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Simon De Colines, Punchcutter; 1518–1546

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Chapter Summary

In transalpine Europe, a coherent and aesthetically satisfying set of Roman and Italic letterforms, qualitatively equal (or perhaps even superior) to the best of Italian Renaissance typography, was introduced by Simon de Colines. With his stepson, Robert I Estienne, he was the foremost Paris printer of the 1520-40s. This chapter attempts to catalogue exhaustively the types Colines may have cut. It describes 28 types Colines may have cut (21 Romans, 4 Italics, 3 Greeks). However, three or four are missing: an early roman, one or two Hebrews, and a small rotunda. The early Roman is a Great Primer Roman (116 mm) used by Henry I Estienne for his 1516 Dioscorides edition. Theoretically, this Roman falls within the time frame one might envisage for a young Colines starting out as a punchcutter. Its design clearly betrays a lack of experience in handling Roman letterforms.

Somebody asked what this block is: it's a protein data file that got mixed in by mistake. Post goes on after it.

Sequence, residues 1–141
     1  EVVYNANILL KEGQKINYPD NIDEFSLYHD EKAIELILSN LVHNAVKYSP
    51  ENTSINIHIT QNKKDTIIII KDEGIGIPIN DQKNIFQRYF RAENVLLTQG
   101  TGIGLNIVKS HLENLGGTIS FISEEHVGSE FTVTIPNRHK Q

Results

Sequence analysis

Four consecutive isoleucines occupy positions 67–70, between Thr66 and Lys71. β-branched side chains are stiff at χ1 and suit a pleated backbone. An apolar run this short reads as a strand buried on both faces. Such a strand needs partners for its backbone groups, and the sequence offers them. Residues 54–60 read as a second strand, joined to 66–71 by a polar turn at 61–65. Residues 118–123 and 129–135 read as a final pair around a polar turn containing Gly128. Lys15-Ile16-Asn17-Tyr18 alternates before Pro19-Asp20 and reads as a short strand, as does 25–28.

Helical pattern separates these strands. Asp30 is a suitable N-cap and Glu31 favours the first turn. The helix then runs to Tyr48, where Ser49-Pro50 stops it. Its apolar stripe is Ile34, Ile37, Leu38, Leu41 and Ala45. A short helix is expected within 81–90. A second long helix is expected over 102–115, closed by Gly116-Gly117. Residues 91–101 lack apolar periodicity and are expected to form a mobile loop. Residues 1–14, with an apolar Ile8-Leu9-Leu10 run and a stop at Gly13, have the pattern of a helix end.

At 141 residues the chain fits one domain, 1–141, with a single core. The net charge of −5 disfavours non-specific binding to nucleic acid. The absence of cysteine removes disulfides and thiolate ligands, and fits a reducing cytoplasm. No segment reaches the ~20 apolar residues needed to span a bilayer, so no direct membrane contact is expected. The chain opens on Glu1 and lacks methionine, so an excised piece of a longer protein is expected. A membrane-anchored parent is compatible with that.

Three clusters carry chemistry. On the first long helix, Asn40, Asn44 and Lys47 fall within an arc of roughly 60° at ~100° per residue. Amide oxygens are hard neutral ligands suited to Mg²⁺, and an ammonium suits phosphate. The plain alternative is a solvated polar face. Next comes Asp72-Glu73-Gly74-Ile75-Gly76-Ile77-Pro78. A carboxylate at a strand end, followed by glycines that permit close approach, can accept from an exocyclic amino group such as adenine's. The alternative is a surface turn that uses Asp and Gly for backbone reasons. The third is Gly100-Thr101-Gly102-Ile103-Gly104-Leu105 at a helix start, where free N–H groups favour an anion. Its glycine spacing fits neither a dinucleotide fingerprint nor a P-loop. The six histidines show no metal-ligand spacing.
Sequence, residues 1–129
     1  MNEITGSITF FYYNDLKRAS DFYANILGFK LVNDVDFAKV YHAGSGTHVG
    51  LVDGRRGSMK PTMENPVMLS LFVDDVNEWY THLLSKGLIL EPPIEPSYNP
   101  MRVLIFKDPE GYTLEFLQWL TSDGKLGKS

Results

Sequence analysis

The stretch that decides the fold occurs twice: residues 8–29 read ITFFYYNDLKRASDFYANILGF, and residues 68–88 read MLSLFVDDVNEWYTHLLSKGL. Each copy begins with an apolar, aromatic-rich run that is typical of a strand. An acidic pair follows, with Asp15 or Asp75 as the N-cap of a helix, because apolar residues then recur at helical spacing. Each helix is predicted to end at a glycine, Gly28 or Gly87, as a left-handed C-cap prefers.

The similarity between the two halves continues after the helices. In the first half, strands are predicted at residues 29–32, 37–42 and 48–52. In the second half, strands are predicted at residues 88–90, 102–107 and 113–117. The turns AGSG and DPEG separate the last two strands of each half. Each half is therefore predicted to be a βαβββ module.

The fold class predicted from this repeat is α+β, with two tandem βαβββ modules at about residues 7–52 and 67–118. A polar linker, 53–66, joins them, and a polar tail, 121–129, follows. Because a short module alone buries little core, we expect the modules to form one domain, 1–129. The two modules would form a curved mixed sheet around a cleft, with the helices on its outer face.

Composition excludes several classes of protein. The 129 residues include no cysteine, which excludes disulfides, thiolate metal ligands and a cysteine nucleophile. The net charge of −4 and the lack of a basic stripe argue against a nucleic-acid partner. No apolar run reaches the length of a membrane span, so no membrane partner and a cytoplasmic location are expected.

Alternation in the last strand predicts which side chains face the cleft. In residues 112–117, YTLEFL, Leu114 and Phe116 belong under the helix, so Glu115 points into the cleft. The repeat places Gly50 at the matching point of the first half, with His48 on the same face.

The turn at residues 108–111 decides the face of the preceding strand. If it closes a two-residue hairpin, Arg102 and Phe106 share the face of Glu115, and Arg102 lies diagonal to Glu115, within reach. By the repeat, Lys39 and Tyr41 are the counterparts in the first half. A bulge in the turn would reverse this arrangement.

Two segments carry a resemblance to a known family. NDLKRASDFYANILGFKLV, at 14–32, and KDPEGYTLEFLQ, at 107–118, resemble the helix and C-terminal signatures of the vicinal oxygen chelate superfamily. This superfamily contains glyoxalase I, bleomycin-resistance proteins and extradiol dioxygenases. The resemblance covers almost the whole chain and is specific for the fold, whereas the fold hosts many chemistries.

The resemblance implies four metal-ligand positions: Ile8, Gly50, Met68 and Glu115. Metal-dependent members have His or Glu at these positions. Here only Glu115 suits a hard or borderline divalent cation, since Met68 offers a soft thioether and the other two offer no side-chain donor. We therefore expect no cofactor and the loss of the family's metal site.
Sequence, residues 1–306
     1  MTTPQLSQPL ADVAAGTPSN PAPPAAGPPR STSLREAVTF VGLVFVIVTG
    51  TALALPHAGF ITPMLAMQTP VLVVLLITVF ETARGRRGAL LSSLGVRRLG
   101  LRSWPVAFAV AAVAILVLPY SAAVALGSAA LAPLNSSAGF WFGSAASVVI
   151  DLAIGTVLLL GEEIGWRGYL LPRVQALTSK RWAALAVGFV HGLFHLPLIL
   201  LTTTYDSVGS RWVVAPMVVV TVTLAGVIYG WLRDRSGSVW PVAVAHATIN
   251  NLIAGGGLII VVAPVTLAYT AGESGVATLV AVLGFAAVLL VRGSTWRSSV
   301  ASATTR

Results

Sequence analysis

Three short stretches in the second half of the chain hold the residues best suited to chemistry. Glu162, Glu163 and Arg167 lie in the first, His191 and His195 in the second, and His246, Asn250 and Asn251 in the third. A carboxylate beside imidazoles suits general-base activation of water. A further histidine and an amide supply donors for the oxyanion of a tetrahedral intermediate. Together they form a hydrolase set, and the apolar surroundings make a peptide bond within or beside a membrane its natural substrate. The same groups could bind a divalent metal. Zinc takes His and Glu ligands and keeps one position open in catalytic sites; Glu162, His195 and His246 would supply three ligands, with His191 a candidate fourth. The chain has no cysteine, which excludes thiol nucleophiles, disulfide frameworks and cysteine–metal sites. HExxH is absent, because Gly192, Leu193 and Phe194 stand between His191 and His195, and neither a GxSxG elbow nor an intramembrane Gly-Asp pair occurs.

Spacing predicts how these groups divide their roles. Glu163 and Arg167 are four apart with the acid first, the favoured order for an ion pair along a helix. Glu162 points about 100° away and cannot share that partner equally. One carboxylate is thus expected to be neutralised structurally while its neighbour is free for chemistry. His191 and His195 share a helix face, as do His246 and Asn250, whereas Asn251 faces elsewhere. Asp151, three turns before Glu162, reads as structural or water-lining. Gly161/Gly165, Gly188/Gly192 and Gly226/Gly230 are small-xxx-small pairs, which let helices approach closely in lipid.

Keywords: Italian Renaissance typography; Paris printer; punchcutter; Roman letterforms; Simon de Colines



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